To help sell its plans for closing 50 schools, CPS leaders claimed that it would cost more than $400 million over the next decade to keep the buildings open, repair them and maintain them. Closings the buildings would thus save a big chunk of money.
But now that the district is trying to get the shuttered buildings off the books, officials have dramatically reduced their initial estimate of maintenance costs.
CPS now says that it would cost only about $100 million to maintain the buildings, as schools, over the next 10 years, according to a Request-for-Proposals that was issued in February to solicit bids from real estate agents. CPS also includes TIF information for each school, showing how much money is available from tax increment financing, an incentive program that developers can access to pay for capital improvements.
Cecile Carroll of the grassroots group Blocks Together says she is alarmed that CPS is having brokers look at the schools before getting feedback from the community about what they would like to see the buildings used for.
Carroll and a few other activists showed up on Thursday at the closed Ward school where, according to the RFP, district officials were going to conduct a walk-through for potential brokers. Unbeknownst to them, CPS had withdrawn the RFP and was rescheduling the walkthroughs.
CPS spokesman Joel Hood said the RFP was withdrawn because officials wanted to clarify some of the language around community involvement in the process. He said the solicitation for brokers was just in case the community couldn’t come up with a use for the building and a broker was needed.
About four of the new estimates on the RFP don’t differ much from last year’s figure. But most of the differences are huge. For example, CPS estimated that it would avoid spending $25 million by closing Morgan in Auburn Gresham. Now, it says the cost to maintain it as a school is $287,000, and just $256,000 to maintain as a vacant property.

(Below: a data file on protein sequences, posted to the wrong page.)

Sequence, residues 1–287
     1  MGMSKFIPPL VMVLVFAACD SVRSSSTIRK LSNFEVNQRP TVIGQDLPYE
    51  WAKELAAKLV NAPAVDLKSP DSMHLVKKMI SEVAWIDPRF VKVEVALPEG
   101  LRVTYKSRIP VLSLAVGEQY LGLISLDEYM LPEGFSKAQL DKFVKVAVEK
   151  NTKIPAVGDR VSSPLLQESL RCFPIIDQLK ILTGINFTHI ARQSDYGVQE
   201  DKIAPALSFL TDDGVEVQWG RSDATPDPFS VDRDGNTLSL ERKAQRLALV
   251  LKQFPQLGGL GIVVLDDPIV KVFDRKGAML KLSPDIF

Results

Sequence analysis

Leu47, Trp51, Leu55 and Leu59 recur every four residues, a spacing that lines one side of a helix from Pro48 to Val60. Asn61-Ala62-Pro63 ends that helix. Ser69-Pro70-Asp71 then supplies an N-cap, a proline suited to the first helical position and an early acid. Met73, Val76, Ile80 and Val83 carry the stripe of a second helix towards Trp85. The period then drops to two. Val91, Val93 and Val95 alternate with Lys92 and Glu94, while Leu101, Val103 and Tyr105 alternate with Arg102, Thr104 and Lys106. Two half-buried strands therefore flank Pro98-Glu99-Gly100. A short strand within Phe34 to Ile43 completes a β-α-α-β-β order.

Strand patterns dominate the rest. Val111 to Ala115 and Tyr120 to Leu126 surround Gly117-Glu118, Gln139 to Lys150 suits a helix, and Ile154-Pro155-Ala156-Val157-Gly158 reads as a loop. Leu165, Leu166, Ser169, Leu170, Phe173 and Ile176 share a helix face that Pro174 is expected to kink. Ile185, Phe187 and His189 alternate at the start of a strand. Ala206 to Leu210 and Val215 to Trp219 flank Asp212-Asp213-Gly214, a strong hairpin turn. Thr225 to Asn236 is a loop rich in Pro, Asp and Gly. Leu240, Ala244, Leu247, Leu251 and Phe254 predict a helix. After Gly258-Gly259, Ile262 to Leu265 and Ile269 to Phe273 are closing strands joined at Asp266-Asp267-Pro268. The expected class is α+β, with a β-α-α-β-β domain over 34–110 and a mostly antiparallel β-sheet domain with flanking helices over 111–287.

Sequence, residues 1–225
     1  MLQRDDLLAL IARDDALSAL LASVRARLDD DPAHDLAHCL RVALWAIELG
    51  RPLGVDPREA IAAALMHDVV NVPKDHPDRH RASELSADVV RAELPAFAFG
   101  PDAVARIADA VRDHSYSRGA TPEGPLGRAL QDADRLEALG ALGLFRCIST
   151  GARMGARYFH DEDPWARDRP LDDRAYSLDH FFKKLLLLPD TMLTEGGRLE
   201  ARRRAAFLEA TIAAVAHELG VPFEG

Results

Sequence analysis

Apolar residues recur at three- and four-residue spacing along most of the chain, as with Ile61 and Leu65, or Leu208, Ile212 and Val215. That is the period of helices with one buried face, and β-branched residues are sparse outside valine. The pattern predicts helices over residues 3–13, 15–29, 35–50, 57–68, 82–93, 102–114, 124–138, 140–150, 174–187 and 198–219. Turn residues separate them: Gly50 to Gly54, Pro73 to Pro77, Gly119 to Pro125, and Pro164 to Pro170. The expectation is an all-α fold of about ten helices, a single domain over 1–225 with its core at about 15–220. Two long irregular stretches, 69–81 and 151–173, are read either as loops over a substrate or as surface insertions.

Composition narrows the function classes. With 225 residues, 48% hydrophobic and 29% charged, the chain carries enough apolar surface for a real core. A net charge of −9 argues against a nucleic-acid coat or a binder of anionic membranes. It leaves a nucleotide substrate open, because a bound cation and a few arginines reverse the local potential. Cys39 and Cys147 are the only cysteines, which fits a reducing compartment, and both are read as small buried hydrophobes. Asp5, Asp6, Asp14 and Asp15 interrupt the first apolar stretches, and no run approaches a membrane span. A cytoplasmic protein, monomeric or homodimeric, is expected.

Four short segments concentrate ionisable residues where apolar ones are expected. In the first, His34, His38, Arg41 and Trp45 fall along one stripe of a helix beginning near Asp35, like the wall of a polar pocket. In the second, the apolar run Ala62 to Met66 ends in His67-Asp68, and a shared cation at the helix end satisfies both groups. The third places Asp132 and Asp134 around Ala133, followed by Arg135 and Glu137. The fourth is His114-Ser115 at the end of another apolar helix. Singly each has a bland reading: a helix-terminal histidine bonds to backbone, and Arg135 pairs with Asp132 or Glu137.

A more typical example is Songhai on the Far South Side. Last year, CPS estimated it would avoid spending $8 million over a decade by the closing the school. Now, it is telling potential developers that it will only cost $340,000 yearly to maintain.
Hood said the estimates last year included “needed capital improvements.”
“The maintenance numbers in the this RFP (as a school) are our own estimates about what it would likely cost someone to operate this building as a school or office building or whatever else,” Hood wrote in an e-mail. “It only takes into account annual utility costs, janitorial services, landscaping, etc.”
However, some of the criticism of the original cost estimates were that they included capital improvement projects, even though CPS often puts off improving buildings for decades.
From the moment that CPS put out cost-savings estimates last winter, principals and parents questioned the figures. One principal told Catalyst Chicago that when he saw the district’s huge estimate for maintenance, he immediately knew that the numbers would be used against his school and that it would be targeted for closure.
A joint analysis by Catalyst and WBEZ/Chicago Public Media showed that the cost savings touted last year were significantly flawed, and were based on outdated assessments of building needs and other flawed information.
The RFP only included information for 41 schools because some of those shuttered are not being sold. About five already have new uses planned, such as Lafayette in Humboldt Park, which will become the new home for Chi Arts. Some schools shared a building with a school that is still operating: for instance, Wadsworth was consolidated with nearby Dumas, and the school that previously shared Wadsworth’s building, the University of Chicago Charter High School-Woodlawn, now has the entire building.